You may be like me, wondering where our country is headed with a new leadership change and a worldwide pandemic. Maybe you were excited for the appointment of the new Commander In Chief or disappointed that a re-election did not occur. Maybe you are voting in the California Recall election or you may think it is a waste of time. Despite all of the mixed feelings in this country and the state of California, there is something that occurred to me on a drive lately: Americans could learn a thing or two from beef cattle.
I know it sounds out there… cattle teaching us things. We are at the top of the food chain, aren’t we? But if there is one thing I know for certain, only our willingness to learn and change helps us to actually change. As I drive along the hills of Highway 180, I see the dotted blur of beef cattle along various property lines. Some are black, some are white, and some are a mix of who knows what. Being from a ranching family, I know the difference between beef cattle breeds but here’s a quick run -down. Black are usually Angus, White are usually Charolais, and Brown or Red with white faces are Herefords or Shorthorn.
It’s easy to get discouraged about where our country has been headed lately but why should we look to the cattle of our country? Why NOT? Beef cattle are very resilient, just like America was in World War Two, Pearl Harbor, and 9/11 to name a few instances. Speaking of resiliency, cattle can travel miles for water and lead others to safety that may not be in the same age, sex, or breed category as their own herd. They can also be moved from place to place, adapting quickly to their surroundings and proving that they deserve an honorable mention in the animal kingdom. Cattle can also sustain injuries and hurt better than their human counterparts, something that we all could work on.
Cattle do not care about politics unless it comes to feeding time. They will help others find food by relaying a large call and follow one another until most reach the feed bunk, pasture, or water source. They do not allow any of the herd to be left behind and call each other to unity in one task no matter what the circumstances. These creatures do so in all climates, counties, and continents except Antarctica. Americans have driven a wedge between themselves over countless issues, but none of them seem to be as simple as the feed pecking order, protection from predators, or rearing calves.
Cattle have an amazing ability to be both gentle and firm when they need to be. The best example I have of this includes a cow I love from my own herd. She is a stand-alone in our herd because she is the oldest cow and also the most unique, a Charolais in a sea of Black Angus. Her name is Large Marge (“Margie”) and she is known for being very gentle and a decent mother. Although she is very docile, I know that her instincts are stronger than her desire to be nice to the one who feeds her. I know this full well because just last week my dog Steve got in-between Margie and her new bull calf and she got stern quickly. With one swift motion of the head, she backed us away and stood her ground without hurting anyone. Although my dog was not hurt during this encounter, this is just another example of how livestock can stand their ground without a large protest, shouting, signs, or large groups of people. If one cow can protest peacefully, why can’t we?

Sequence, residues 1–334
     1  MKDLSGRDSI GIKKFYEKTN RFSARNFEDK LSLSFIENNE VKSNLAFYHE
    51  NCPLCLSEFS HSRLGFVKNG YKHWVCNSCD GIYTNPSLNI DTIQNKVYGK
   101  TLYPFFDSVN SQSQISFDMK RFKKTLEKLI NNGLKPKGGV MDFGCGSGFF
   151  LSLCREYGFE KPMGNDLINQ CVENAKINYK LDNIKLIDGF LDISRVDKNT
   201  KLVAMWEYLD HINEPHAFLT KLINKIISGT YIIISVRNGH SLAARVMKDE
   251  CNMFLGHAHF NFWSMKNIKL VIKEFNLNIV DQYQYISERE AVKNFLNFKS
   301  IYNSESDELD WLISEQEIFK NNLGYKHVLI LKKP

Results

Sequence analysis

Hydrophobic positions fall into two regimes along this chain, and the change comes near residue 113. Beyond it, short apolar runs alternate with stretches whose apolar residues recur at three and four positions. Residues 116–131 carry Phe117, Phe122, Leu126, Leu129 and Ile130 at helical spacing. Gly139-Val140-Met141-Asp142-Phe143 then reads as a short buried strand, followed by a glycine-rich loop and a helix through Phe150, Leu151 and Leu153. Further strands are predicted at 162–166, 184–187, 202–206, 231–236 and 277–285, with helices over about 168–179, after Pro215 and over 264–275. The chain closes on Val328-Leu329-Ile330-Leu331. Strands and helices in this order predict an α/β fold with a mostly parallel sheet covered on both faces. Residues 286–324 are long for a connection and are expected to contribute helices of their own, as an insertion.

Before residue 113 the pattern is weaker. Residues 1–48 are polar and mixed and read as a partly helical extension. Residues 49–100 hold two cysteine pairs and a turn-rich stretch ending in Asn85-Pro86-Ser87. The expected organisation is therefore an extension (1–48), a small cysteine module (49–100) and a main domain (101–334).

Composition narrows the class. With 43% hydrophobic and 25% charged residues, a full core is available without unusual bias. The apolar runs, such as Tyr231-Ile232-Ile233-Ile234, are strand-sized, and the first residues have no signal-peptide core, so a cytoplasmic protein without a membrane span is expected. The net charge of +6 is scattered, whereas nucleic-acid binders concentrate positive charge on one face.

So why compare cattle to humans? It’s simple, we are both creatures living on the same planet and experiencing similar conditions such as climate (political or in Fahrenheit), hunger, a need for protection, and a need for a stable environment. You may be checking off the boxes with me… yes, I need to be comfortable in my climate, yes, world hunger is an issue, and yeah, it would be nice to have a more stable environment. I challenge you to think like a beef cow. Protest peacefully, help lead others to food and shared resources, and protect your herd at all costs.
Cattle have a way of teaching me patience. They tend to move either too fast or slow, and they never seem to listen when I tell them not to go into the fence while I’m moving them from pasture to pasture. They are driven by instincts and groupthink, but not the same groupthink we experience. According to the Merriam Webster dictionary, groupthink is “a pattern of thought characterized by self-deception, forced manufacture of consent, and conformity to group values and ethics”. Our country was built on rugged individualism, so why group ourselves by political party, economic status, or race?
Cows demonstrate a need for community that we have not seen for a while in this country. They do not like to be separated from their original herd but yet the adapt fairly seamlessly to their environment. Just like us, they raise families and teach them what is acceptable and what is not.
In Psychology of Cows by L. Merino and K. Allen, states that “most people have a difficult time relating to cows on their own terms, that is, without the biases created by social and economic utility.” Cattle are more like us than we think, they have all five senses and rely primarily on their vision. They also exhibit “Spatial cognition (which) refers to the ability to acquire knowledge of, remember, organize and utilize information about spatial aspects of (their) environment.”
That being said, cattle are so much more competent and inspirational than society has made them out to be. Next time you pass a herd of cattle, just remember to take a moment and observe them. Reset your mindset and remember to follow the example of the beef cattle.
Note: Jackie Taylor is the Social Media Director for WaterWrights.net and can be reached at firstname.lastname@example.org
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